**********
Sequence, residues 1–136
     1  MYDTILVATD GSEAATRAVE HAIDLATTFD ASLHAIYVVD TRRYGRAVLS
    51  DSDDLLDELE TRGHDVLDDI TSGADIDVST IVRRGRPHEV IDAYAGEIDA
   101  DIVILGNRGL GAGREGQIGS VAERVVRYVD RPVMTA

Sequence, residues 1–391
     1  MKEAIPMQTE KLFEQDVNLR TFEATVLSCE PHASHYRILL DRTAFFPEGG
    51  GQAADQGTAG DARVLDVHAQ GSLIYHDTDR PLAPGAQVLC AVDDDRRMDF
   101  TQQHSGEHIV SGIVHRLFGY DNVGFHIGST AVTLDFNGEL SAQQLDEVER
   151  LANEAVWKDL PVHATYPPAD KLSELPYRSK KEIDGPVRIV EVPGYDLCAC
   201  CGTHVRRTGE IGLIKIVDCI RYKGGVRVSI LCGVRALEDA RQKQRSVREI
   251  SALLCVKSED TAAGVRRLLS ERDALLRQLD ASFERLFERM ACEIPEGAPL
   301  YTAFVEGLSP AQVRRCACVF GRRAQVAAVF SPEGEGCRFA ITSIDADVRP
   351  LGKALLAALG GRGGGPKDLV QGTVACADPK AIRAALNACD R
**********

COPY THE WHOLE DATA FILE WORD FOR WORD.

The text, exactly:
Sequence, residues 1–136
     1  MYDTILVATD GSEAATRAVE HAIDLATTFD ASLHAIYVVD TRRYGRAVLS
    51  DSDDLLDELE TRGHDVLDDI TSGADIDVST IVRRGRPHEV IDAYAGEIDA
   101  DIVILGNRGL GAGREGQIGS VAERVVRYVD RPVMTA

Sequence, residues 1–391
     1  MKEAIPMQTE KLFEQDVNLR TFEATVLSCE PHASHYRILL DRTAFFPEGG
    51  GQAADQGTAG DARVLDVHAQ GSLIYHDTDR PLAPGAQVLC AVDDDRRMDF
   101  TQQHSGEHIV SGIVHRLFGY DNVGFHIGST AVTLDFNGEL SAQQLDEVER
   151  LANEAVWKDL PVHATYPPAD KLSELPYRSK KEIDGPVRIV EVPGYDLCAC
   201  CGTHVRRTGE IGLIKIVDCI RYKGGVRVSI LCGVRALEDA RQKQRSVREI
   251  SALLCVKSED TAAGVRRLLS ERDALLRQLD ASFERLFERM ACEIPEGAPL
   301  YTAFVEGLSP AQVRRCACVF GRRAQVAAVF SPEGEGCRFA ITSIDADVRP
   351  LGKALLAALG GRGGGPKDLV QGTVACADPK AIRAALNACD R